As far as one can see all should be well for our return to-morrow, but the sky is clouding to-night and a change of weather seems imminent. Three successive fine days seem near the limit in this region.

We have picked up quite a number of fish frozen in the ice -- the larger ones about the size of a herring and the smaller of a minnow. We imagined both had been driven into the slushy ice by seals, but to-day Gran found a large fish frozen in the act of swallowing a small one. It looks as though both small and large are caught when one is chasing the other.

We have achieved such great comfort here that one is half sorry to leave -- it is a fine healthy existence with many hours spent in the open and generally some interesting object for our walks abroad. The hill climbing gives excellent exercise -- we shall miss much of it at Cape Evans. But I am anxious to get back and see that all is well at the latter, as for a long time I have been wondering how our beach has withstood the shocks of northerly winds. The thought that the hut may have been damaged by the sea in one of the heavy storms will not be banished.

 

A Sketch of the Life at Hut Point

We gather around the fire seated on packing-cases to receive them with a hunk of butter and a steaming pannikin of tea, and life is well worth living. After lunch we are out and about again; there is little to tempt a long stay indoors and exercise keeps us all the fitter.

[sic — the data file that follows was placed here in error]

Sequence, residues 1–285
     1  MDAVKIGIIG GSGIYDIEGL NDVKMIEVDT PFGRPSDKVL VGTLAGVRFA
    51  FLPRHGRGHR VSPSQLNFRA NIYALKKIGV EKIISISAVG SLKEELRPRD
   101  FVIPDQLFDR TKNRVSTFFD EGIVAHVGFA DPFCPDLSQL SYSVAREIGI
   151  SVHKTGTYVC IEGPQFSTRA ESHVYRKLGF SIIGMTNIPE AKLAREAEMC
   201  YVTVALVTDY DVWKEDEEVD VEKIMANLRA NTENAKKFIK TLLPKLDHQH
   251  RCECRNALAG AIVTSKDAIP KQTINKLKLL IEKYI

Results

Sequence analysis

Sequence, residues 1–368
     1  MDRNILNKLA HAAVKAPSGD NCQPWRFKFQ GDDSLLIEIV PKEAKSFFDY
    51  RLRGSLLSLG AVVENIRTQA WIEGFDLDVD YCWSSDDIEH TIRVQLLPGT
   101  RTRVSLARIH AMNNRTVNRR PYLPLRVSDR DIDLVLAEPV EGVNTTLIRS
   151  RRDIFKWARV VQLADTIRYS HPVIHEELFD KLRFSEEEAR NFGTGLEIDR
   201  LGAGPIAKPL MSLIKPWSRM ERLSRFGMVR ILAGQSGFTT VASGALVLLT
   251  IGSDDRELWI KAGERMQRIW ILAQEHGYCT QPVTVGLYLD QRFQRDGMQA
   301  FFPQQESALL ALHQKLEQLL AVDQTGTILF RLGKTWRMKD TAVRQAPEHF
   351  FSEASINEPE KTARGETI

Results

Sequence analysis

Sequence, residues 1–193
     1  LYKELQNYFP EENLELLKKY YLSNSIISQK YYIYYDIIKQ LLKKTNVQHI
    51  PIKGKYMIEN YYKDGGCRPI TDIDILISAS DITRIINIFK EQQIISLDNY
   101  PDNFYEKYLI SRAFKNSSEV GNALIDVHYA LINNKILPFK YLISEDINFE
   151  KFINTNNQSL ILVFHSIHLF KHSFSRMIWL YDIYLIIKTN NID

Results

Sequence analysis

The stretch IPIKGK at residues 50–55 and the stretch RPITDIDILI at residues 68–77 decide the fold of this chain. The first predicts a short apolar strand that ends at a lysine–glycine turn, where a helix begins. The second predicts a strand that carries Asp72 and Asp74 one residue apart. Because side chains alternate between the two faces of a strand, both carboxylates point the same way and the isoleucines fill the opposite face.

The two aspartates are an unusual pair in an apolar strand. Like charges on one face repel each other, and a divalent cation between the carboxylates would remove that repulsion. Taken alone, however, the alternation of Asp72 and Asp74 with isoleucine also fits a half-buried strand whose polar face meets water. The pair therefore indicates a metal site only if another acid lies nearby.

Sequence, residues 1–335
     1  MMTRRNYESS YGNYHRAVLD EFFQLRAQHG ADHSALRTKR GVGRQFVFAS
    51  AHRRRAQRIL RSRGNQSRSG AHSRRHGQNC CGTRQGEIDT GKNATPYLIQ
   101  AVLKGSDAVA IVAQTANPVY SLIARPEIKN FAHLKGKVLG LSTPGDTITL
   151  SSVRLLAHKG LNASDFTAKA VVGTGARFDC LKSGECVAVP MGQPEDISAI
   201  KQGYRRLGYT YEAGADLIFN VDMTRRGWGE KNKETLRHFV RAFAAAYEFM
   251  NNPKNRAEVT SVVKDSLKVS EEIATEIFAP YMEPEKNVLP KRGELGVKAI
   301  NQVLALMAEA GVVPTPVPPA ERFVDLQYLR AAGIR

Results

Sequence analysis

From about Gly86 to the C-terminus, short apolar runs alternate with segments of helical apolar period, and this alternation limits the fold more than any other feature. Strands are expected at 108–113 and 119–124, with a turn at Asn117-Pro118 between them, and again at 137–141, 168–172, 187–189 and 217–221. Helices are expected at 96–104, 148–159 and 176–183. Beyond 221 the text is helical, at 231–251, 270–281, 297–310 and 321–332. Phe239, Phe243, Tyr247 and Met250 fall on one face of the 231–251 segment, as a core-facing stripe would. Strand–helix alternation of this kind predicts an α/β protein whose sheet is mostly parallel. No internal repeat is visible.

The falling light and approach of supper drives us home again with good appetites about 5 or 6 o'clock, and then the cooks rival one another in preparing succulent dishes of fried seal liver. A single dish may not seem to offer much opportunity of variation, but a lot can be done with a little flour, a handful of raisins, a spoonful of curry powder, or the addition of a little boiled pea meal. Be this as it may, we never tire of our dish and exclamations of satisfaction can be heard every night -- or nearly every night, for two nights ago [April 4] Wilson, who has proved a genius in the invention of 'plats,' almost ruined his reputation. He proposed to fry the seal liver in penguin blubber, suggesting that the latter could be freed from all rankness. The blubber was obtained and rendered down with great care, the result appeared as delightfully pure fat free from smell; but appearances were deceptive; the 'fry' proved redolent of penguin, a concentrated essence of that peculiar flavour which faintly lingers in the meat and should not be emphasised. Three heroes got through their pannikins, but the rest of us decided to be contented with cocoa and biscuit after tasting the first mouthful. After supper we have an hour or so of smoking and conversation -- a cheering, pleasant hour -- in which reminiscences are exchanged by a company which has very literally had world-wide experience. There is scarce a country under the sun which one or another of us has not travelled in, so diverse are our origins and occupations. An hour or so after supper we tail off one by one, spread out our sleeping-bags, take off our shoes and creep into comfort, for our reindeer bags are really warm and comfortable now that they have had a chance of drying, and the hut retains some of the heat generated in it. Thanks to the success of the blubber lamps and to a fair supply of candles, we can muster ample light to read for another hour or two, and so tucked up in our furs we study the social and political questions of the past decade.